Clampdown on foreign media

But governments are not just limiting pluralism by interfering with internet access or applying repressive laws to online content. Governments have doubled down on restricting pluralism by instituting media clampdowns and outright expulsions. Local journalists have borne the brunt of these attacks, but foreign media have not been exempt: more and more, they are being targeted by political leaders.

The expulsion of foreign media is particularly concerning since, in many countries, they provide independent and critical coverage that might have not been available otherwise. Their critical voices provide not just local citizens but the wider world with the reality of national events. Their voices ultimately lend to democracy.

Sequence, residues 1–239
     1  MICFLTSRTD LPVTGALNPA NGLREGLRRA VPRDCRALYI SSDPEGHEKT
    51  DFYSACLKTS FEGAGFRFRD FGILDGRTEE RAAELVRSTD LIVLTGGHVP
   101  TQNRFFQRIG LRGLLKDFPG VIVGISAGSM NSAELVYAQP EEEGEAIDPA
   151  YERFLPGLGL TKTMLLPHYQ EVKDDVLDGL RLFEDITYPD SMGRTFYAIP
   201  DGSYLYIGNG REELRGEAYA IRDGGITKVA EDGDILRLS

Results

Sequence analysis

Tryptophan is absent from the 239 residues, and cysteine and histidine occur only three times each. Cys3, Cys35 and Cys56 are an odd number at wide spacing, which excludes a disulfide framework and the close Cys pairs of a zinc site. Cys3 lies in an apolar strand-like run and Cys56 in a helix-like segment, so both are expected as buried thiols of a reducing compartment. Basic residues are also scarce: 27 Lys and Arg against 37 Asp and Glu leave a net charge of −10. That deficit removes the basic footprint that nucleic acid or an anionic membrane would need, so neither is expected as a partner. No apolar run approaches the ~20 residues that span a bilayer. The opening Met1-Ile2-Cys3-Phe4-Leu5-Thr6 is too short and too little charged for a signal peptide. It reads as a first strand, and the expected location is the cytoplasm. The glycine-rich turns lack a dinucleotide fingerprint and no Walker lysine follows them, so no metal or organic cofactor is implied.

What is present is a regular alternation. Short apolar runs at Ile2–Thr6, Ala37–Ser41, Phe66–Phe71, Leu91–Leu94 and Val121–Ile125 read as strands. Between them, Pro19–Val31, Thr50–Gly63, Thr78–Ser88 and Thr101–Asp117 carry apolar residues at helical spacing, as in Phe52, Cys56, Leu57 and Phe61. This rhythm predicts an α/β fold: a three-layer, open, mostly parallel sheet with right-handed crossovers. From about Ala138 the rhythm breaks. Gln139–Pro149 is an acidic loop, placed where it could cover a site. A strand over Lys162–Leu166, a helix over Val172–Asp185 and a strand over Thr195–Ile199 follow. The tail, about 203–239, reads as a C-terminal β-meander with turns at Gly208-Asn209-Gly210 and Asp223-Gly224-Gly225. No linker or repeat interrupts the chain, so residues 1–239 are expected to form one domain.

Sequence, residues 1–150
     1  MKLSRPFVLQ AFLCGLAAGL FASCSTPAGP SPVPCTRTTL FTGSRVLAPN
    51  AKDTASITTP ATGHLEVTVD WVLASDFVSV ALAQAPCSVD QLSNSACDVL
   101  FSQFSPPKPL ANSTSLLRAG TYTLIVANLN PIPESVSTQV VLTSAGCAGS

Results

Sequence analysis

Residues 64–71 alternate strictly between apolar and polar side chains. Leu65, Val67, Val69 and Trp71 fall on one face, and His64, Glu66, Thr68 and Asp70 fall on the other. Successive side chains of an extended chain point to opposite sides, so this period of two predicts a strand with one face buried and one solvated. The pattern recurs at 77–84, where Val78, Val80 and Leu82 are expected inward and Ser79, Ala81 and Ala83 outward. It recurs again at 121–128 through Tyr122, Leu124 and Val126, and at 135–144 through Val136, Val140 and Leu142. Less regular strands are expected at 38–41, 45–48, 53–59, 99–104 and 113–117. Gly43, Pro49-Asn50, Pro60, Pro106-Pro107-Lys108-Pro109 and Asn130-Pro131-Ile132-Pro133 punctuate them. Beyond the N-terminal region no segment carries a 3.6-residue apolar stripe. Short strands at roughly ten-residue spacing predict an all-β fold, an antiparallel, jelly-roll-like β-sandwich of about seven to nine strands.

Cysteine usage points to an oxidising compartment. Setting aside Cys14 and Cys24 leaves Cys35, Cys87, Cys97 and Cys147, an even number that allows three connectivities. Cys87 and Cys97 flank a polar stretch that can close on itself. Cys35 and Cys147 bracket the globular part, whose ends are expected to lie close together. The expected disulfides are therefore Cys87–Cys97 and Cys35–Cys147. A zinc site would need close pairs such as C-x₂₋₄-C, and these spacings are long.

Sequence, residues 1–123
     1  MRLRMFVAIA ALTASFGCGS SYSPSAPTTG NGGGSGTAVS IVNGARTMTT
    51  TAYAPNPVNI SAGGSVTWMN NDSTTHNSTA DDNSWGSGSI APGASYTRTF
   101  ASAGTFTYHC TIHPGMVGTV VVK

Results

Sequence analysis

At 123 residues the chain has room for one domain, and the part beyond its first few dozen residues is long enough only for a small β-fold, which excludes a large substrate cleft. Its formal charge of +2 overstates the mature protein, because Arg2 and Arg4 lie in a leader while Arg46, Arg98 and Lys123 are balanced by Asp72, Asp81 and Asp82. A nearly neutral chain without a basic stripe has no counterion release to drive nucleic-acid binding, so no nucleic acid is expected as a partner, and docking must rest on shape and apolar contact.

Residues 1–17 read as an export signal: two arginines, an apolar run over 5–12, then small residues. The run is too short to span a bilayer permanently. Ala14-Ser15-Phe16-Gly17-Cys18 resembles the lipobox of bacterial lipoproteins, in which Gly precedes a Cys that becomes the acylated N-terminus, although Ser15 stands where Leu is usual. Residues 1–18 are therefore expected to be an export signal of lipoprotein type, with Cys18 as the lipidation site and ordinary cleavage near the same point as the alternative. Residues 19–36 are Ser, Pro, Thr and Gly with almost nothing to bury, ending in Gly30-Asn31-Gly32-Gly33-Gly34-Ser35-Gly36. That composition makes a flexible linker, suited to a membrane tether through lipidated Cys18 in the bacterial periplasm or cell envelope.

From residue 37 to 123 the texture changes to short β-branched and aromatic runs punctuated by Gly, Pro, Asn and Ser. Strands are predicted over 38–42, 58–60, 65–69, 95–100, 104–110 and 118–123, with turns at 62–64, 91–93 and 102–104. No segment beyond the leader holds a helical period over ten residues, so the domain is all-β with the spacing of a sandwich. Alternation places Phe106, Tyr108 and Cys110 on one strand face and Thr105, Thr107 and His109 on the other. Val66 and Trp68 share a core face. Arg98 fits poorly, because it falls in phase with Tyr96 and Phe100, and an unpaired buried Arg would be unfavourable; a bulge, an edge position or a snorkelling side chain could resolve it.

In Belarus, foreign media outlets recently had the accreditation of their Belarusian correspondents removed by authorities while two Associated Press reporters were deported, CNN reported in late August. Most recently, Belarusian authorities went even further and cancelled the existing accreditation of all journalists working for foreign media in the country.

But the targeting of foreign media is happening against the backdrop of an oppressive media landscape, which local journalists have long faced. The media landscape is mostly state run or state affiliated, with minimal independent media. Independent media face constant harassment, crackdowns, and other attempts to curb freedom of speech. The leadup to the 2020 general election on 9 August brought even worse conditions. More than 40 journalists were arrested in the three months before the election for their coverage of demonstrations and, since then, at least 141 others have been detained. Tensions were heightened following the re-election of President Lukashenko and his subsequent unannounced inauguration, resulting in the largest nationwide protests in the country’s history.